Someone who claimed to be a major general in the Army said they were in need of money to transition out of the military. Another person who claimed to be a lieutenant commander in the U.S. military abroad asked for help to pay for a shipment of gold and cash seized in a raid. And one individual who claimed to be in the Army stationed in Syria messaged a person they met on Facebook saying they needed money to retire early and return “home to his three children.”
All claimed to be in relationships with the women messaged online and all were elaborate scams, according to court documents made public Wednesday revealing the alleged ruses.
Prosecutors allege that a special deputy U.S. marshal from Maryland was part of a network that defrauded seniors out of almost $2 million in “romance scams” over several years.
Isidore Iwuagwu, 35, of Upper Marlboro, Md., has been charged with conspiring to commit money laundering, which carries a maximum sentence of 20 years in federal prison, according to the U.S. attorney’s office for Maryland.
Between October 2015 and July 2021, prosecutors allege, Iwuagwu was a part of romance scams in which individuals engaged in online relationships with more than 20 victims via social media platforms and dating websites and swindled them out of large sums of money. Victims reported a combined loss of $1.9 million, according to an affidavit, and at least $585,180 was connected to accounts belonging to Iwuagwu.
In many cases, the victims reported being defrauded by individuals claiming to be deployed U.S. Armed Forces members who needed money for personal hardships, according to prosecutors. Prosecutors allege the money would then be wired to accounts controlled by Iwuagwu or mailed to him in the form of money orders, personal checks, cashier’s checks or cash. In one case, an individual claimed to be a major general who needed money for help transitioning out of the military and told the victim that Iwuagwu was his attorney. The victim sent more than $300,000 to Iwuagwu, according to the affidavit.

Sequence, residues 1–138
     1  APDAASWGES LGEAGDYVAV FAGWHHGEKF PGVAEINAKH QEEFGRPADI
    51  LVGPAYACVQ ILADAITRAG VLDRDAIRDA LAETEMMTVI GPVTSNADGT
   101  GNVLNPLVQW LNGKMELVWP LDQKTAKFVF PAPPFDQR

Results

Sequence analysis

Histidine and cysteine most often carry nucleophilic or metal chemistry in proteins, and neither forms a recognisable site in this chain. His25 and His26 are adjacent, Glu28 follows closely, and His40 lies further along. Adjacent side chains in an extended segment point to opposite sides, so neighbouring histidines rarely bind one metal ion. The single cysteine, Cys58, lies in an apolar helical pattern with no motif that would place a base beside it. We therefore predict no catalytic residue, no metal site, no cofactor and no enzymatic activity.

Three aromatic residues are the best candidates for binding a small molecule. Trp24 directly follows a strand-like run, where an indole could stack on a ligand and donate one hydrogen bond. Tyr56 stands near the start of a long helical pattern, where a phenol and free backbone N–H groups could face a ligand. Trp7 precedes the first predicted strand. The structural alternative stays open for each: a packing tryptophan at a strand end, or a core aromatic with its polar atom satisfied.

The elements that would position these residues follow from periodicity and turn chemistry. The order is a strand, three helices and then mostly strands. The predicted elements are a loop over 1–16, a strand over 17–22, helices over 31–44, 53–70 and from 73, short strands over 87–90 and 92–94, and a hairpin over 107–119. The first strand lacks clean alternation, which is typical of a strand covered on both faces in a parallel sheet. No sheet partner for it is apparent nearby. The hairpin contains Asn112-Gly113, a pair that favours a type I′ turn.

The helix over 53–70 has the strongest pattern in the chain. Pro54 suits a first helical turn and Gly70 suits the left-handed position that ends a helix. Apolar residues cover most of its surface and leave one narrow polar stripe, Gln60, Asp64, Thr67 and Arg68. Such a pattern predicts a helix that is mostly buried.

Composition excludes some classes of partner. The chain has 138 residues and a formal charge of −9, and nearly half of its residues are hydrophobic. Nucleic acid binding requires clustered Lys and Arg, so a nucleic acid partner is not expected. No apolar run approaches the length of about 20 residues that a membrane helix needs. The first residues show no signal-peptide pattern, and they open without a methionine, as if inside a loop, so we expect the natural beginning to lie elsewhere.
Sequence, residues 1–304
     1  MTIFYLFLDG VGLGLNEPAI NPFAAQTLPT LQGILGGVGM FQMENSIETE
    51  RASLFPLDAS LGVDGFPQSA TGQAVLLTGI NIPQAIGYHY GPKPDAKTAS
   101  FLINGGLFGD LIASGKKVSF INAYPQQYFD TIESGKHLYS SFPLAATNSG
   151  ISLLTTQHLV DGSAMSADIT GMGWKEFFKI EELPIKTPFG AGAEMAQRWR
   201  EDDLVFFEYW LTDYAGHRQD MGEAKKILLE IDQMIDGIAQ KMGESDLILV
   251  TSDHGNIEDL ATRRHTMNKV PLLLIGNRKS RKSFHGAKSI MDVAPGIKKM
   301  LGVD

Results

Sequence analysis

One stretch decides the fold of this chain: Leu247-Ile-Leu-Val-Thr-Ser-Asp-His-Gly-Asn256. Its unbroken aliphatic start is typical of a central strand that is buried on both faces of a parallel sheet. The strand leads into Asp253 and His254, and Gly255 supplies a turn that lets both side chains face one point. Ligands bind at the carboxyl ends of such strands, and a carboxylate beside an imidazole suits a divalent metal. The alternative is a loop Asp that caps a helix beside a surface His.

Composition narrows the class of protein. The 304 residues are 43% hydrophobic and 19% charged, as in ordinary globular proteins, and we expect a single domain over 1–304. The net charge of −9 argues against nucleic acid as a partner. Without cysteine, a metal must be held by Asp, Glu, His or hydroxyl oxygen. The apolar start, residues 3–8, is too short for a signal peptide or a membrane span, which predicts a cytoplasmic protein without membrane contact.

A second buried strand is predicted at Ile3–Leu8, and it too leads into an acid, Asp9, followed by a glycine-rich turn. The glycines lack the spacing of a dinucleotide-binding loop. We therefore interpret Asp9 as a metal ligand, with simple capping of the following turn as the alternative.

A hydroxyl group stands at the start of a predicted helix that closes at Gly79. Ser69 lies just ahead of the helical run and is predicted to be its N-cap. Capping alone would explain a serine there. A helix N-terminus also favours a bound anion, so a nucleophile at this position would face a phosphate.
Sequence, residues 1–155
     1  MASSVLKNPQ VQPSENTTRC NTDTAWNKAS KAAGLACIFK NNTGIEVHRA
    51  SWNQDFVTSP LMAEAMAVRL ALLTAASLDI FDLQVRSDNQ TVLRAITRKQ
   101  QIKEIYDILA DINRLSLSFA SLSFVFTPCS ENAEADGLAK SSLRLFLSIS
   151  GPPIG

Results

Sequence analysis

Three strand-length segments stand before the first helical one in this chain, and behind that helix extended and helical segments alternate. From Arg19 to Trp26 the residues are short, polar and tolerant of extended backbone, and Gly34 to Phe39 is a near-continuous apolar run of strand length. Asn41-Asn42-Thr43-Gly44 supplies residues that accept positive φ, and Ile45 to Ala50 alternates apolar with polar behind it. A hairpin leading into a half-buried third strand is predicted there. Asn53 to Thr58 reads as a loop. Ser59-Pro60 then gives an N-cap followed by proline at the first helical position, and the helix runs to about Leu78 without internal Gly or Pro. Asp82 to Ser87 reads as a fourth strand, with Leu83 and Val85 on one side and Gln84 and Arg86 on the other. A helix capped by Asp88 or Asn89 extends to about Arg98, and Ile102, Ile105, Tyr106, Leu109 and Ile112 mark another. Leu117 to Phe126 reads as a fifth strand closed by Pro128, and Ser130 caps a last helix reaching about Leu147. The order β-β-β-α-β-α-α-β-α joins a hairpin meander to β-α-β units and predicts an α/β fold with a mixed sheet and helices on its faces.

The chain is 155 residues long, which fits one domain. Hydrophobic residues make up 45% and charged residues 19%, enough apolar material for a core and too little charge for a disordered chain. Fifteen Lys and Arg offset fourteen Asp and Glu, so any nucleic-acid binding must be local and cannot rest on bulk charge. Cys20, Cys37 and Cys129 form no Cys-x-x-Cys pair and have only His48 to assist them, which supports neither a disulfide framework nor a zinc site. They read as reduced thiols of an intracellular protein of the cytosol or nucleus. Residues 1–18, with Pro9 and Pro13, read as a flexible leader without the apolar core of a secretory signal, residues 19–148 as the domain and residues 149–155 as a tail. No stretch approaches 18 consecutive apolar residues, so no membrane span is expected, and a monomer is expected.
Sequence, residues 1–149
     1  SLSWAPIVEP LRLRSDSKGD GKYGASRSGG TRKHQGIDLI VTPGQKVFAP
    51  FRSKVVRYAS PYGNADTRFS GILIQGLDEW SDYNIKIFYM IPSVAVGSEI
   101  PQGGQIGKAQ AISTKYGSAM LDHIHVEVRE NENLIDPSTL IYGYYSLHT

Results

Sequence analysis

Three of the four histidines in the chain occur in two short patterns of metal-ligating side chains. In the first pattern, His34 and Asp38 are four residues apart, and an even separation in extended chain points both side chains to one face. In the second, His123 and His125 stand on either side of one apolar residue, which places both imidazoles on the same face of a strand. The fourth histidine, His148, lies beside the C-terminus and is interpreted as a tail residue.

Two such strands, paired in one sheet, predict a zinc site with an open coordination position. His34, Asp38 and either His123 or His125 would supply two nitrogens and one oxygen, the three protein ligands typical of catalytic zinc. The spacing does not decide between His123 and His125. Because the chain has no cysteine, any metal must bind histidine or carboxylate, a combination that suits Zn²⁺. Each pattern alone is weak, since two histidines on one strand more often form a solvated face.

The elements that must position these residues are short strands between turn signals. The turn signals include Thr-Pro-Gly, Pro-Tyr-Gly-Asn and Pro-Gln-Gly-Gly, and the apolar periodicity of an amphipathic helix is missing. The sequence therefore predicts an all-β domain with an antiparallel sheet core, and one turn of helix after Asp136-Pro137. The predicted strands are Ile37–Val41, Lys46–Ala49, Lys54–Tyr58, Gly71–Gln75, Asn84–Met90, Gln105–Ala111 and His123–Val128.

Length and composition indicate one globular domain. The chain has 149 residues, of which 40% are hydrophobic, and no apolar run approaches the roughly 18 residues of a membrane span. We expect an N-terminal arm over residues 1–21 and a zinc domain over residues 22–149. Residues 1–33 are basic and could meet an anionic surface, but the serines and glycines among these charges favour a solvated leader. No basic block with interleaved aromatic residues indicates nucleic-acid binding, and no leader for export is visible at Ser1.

“If you find yourself in an online relationship and you’re asked for a bunch of money, it’s probably fraud not love,” Erek Barron, U.S. attorney for the District of Maryland, said in a news release.
Iwuagwu provides security for “critical Department of Justice facilities” as a special deputy U.S. marshal and Justice Department contractor, according to the affidavit. He received special deputation in 2018.
The U.S. Marshals headquarters and Justice Department did not immediately respond for comment. It was not immediately clear whether Iwuagwu had an attorney. Attempts to contact him or family members were not immediately successful.
According to the affidavit, another victim was scammed into wiring money to accounts belonging to Iwuagwu and sending cash after someone claimed to be a Spanish doctor living in California aboard a ship who did not have access to a bank account. The person told the victim to send money to “a friend in the United States” with an account that belonged to Iwuagwu, according to the affidavit. The person then sent the victim a photo of Iwuagwu’s government identification card when they expressed doubts about sending funds. The victim sent an estimated $51,880.
Law enforcement reviewed iCloud data of Iwuagwu that revealed his alleged communications with co-conspirators discussing the money received by victims, according to the affidavit.
“Bro the woman said she cannot transfer without the id of the person whom they want to deposit the money to,” one co-conspirator said in a conversation, according to court documents.
“Jus give her any idea,” Iwuagwu responded, according to the affidavit alleging that he was telling his co-conspirator to offer “any identification” to the victim.
Law enforcement also reviewed 30 accounts belonging to Iwuagwu between 2013 and 2021 that took in $1.65 million in transfers from 119 individuals and $1.138 million in deposits from money orders, checks and cash, prosecutors said. According to the affidavit, Iwuagwu used the money he received to withdraw cash or wire money to foreign banks and companies.
Victims, who were targeted through various forms of social media including Google Hangouts, Instagram and Twitter, came from all over the country, according to the affidavit.